The pages include vintage dictionary engravings for entries involving plants, animals, science terminology, spirituality, devices, and more. Her mother had owned the dictionary for decades and had tucked it away in a chest, forgetting all about it. When the author came into possession of the book, it captivated her. The dictionary became a type of connection to her grandfather, and helped Donovan create a book that is more than meets the eye. Aard-vark to Axolotl is a fun page-turner that keeps you smiling through pages of reimagined definitions.
Etruscan Press Books on the Fly Takes Off
United Airlines employees Jen Ruffini and Bob Di Rice, founders of "Books on the Fly." 
In March 2018, Etruscan Press and Wilkes University joined United Airlines Books on the Fly, an outreach partnership at Boston Logan International Airport that allows United customers to select books to read on cross-country flights. The outreach initiative now includes books donated by Etruscan Press and faculty from the Maslow Family Graduate Program in Creative Writing at Wilkes University.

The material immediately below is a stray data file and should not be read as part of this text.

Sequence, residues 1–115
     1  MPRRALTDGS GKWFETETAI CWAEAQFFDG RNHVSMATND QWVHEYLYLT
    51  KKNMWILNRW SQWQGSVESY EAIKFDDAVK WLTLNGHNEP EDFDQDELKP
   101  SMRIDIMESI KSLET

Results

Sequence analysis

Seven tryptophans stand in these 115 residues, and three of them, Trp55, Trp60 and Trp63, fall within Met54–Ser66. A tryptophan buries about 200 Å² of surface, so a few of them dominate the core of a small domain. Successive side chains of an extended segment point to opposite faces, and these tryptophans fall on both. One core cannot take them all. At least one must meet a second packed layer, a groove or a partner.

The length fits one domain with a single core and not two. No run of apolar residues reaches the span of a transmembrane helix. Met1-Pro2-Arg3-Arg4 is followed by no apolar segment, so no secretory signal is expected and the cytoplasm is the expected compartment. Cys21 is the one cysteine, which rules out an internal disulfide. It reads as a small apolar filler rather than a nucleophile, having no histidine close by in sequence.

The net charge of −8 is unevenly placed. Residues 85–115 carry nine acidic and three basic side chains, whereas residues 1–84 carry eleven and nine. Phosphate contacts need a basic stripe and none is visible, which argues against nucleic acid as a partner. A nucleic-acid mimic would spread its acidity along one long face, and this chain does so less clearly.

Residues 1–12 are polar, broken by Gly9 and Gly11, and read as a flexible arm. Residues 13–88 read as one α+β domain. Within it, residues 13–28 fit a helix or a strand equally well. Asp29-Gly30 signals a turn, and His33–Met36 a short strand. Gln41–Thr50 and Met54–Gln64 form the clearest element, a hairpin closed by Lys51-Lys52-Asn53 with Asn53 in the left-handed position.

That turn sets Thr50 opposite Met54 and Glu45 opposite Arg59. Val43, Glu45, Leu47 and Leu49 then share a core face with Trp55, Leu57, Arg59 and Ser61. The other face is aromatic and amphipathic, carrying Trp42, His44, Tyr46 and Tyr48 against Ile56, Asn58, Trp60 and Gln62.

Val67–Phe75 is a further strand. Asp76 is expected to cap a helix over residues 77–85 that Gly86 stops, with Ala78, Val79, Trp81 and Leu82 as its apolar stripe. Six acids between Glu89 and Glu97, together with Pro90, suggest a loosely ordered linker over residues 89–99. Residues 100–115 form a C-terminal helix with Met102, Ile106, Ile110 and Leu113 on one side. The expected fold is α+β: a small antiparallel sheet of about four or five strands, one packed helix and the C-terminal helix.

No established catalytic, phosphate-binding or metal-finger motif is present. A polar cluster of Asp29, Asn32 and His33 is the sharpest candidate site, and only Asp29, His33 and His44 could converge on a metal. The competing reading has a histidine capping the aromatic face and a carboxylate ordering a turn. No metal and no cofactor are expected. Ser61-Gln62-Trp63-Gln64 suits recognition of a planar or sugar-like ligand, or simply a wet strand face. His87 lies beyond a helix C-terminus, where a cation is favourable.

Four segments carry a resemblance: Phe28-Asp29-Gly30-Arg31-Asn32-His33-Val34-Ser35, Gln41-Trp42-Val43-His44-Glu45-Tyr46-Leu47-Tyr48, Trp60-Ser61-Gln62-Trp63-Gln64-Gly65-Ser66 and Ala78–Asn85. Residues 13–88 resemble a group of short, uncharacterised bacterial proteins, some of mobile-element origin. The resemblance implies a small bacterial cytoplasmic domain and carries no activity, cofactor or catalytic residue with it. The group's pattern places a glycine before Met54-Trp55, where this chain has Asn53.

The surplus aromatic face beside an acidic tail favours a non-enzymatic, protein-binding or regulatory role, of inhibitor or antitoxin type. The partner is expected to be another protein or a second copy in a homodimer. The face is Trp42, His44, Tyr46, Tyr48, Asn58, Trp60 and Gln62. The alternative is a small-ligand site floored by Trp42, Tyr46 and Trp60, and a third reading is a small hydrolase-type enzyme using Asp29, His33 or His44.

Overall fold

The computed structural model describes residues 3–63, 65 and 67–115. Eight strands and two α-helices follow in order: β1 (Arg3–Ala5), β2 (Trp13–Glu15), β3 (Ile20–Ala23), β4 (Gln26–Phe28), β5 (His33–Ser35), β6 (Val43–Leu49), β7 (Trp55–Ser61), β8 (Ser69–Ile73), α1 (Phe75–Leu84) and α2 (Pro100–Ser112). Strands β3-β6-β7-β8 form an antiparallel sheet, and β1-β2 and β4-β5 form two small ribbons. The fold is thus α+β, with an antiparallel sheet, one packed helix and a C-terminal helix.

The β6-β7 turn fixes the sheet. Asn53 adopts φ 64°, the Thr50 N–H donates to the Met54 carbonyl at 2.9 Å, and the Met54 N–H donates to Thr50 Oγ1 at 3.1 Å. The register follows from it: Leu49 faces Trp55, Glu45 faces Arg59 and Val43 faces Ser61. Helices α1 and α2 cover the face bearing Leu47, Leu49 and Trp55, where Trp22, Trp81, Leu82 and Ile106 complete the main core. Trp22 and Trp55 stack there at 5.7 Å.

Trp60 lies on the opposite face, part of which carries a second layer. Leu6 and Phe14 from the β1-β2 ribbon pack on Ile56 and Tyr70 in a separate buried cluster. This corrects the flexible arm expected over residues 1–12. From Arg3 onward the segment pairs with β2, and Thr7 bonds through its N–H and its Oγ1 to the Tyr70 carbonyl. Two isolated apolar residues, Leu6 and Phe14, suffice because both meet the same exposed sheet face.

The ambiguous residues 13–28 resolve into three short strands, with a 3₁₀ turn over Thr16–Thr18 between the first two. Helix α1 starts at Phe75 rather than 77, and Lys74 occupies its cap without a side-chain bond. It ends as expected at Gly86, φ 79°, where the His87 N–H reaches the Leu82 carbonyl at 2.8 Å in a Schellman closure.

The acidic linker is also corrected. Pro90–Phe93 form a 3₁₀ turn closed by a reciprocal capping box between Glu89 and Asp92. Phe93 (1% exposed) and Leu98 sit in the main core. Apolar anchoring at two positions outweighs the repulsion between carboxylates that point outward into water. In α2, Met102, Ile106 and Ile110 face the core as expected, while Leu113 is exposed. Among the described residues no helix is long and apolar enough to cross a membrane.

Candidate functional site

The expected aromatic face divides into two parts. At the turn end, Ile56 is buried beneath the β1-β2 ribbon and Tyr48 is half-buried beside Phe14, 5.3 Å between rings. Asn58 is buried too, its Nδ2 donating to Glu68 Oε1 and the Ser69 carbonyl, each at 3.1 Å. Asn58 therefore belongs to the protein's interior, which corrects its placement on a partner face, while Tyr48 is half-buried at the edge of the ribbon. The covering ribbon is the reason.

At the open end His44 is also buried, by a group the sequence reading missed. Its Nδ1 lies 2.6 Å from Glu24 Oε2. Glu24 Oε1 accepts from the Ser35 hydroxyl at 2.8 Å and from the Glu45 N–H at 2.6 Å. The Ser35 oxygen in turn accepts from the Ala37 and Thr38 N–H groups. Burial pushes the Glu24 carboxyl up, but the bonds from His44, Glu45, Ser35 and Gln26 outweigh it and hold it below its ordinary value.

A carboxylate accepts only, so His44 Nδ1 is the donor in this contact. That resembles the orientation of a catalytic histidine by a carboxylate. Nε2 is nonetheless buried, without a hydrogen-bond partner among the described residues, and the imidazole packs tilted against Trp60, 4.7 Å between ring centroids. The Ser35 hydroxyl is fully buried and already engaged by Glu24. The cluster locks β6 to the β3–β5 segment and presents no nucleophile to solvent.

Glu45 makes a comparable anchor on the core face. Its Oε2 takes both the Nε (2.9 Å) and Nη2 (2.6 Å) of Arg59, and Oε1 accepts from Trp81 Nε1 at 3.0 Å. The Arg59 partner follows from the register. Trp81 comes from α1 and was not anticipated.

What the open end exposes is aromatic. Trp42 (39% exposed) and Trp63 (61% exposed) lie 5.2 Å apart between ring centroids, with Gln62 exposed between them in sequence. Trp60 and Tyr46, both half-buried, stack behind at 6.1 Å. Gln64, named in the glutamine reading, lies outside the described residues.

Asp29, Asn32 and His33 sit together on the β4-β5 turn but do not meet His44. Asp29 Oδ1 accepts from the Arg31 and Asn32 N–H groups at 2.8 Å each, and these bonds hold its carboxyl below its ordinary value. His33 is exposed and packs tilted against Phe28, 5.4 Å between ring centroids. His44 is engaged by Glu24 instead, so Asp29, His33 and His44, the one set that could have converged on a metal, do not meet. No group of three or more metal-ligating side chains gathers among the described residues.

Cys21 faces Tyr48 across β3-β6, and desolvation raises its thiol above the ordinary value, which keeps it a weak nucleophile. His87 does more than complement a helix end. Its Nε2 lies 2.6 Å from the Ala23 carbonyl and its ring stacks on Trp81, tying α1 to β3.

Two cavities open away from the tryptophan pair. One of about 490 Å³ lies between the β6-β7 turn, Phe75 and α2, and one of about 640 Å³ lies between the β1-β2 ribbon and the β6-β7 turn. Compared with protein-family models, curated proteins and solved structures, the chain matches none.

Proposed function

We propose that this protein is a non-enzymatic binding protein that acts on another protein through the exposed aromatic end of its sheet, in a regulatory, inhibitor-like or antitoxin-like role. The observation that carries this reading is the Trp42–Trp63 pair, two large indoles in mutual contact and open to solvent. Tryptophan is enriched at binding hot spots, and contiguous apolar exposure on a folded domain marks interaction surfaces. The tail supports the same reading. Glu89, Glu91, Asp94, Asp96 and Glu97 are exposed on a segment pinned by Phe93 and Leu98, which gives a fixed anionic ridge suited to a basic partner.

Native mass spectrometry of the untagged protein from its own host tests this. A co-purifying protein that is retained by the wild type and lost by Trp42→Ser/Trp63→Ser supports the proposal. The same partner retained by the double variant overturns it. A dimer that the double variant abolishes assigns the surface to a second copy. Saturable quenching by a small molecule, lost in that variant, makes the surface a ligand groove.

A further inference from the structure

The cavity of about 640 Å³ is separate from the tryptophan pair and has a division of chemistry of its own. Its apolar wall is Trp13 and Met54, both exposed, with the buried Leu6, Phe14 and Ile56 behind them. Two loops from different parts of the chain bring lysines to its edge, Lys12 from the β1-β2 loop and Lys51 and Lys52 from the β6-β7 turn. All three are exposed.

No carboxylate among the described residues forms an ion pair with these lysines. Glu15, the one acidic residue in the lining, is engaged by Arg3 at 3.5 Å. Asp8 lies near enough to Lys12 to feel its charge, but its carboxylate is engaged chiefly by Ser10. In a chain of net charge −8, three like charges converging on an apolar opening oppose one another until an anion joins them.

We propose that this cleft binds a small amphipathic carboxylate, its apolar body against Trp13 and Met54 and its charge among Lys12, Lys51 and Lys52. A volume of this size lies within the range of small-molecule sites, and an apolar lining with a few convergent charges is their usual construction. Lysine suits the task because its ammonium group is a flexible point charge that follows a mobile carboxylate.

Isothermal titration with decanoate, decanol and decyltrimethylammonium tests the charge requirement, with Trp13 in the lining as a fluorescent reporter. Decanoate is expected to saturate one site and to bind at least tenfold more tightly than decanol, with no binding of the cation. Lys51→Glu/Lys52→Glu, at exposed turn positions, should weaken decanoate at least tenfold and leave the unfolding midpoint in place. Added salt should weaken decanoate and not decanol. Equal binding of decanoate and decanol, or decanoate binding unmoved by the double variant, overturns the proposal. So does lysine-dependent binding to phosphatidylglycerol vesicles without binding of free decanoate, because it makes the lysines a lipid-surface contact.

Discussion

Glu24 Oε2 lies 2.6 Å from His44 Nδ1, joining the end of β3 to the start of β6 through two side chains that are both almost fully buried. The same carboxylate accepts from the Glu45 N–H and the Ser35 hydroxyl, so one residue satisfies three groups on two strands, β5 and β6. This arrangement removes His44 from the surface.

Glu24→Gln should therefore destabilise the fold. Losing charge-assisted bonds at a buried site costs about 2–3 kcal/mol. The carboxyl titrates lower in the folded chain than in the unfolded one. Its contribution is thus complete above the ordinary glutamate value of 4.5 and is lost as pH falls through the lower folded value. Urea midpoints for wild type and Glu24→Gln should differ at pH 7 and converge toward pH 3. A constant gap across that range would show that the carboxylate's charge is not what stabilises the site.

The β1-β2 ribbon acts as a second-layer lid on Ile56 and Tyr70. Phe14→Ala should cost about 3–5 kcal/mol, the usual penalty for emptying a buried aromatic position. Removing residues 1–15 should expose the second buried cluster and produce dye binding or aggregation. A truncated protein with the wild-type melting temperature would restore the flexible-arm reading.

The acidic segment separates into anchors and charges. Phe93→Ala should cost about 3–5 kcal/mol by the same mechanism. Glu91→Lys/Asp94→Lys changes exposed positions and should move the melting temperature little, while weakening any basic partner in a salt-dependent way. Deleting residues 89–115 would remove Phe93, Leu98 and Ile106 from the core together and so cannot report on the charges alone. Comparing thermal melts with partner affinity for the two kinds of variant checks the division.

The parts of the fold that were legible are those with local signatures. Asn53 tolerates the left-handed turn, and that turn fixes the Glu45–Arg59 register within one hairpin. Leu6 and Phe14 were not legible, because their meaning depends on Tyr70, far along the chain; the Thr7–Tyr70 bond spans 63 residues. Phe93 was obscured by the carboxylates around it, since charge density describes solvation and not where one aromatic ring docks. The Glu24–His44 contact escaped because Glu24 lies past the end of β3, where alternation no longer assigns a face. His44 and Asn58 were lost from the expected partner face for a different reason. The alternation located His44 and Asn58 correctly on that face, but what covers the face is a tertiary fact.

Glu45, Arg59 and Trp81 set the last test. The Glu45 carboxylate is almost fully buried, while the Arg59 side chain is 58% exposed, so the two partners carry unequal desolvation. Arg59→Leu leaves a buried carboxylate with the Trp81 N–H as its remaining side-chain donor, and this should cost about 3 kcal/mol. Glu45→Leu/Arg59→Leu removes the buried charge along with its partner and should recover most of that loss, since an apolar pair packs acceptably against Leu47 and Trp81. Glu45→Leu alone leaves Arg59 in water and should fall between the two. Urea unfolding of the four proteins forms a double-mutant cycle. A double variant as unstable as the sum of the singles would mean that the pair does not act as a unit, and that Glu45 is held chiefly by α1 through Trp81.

This literary partnership represents the strong commitment to community by Etruscan Press, United Airlines, and Wilkes University.
Boston customer service representatives Jen Ruffini and Bob Di Rice noticed that books brought in by United employees began to pile up in the break room. They began to take these books and offer them to passengers on cross-country flights, and it has been a success.
They’ve named their program “Books on the Fly,” and they offer about 40 books of varying genres on every flight, ensuring there is something for everyone to read. Di Rice says he believes they’ve given away more than 1,500 books, which have all been donated by employees, customers, and now Etruscan Press. This program has “taken off” now that United has designated an Etruscan “wing” on the mobile book cart.

About Etruscan Press:

Housed at Wilkes University and partnering with Youngstown State University, Etruscan is a non-profit literary press working to produce and promote books that nurture the dialogue among genres, cultures, and voices.

For the latest Etruscan events, please visit our website.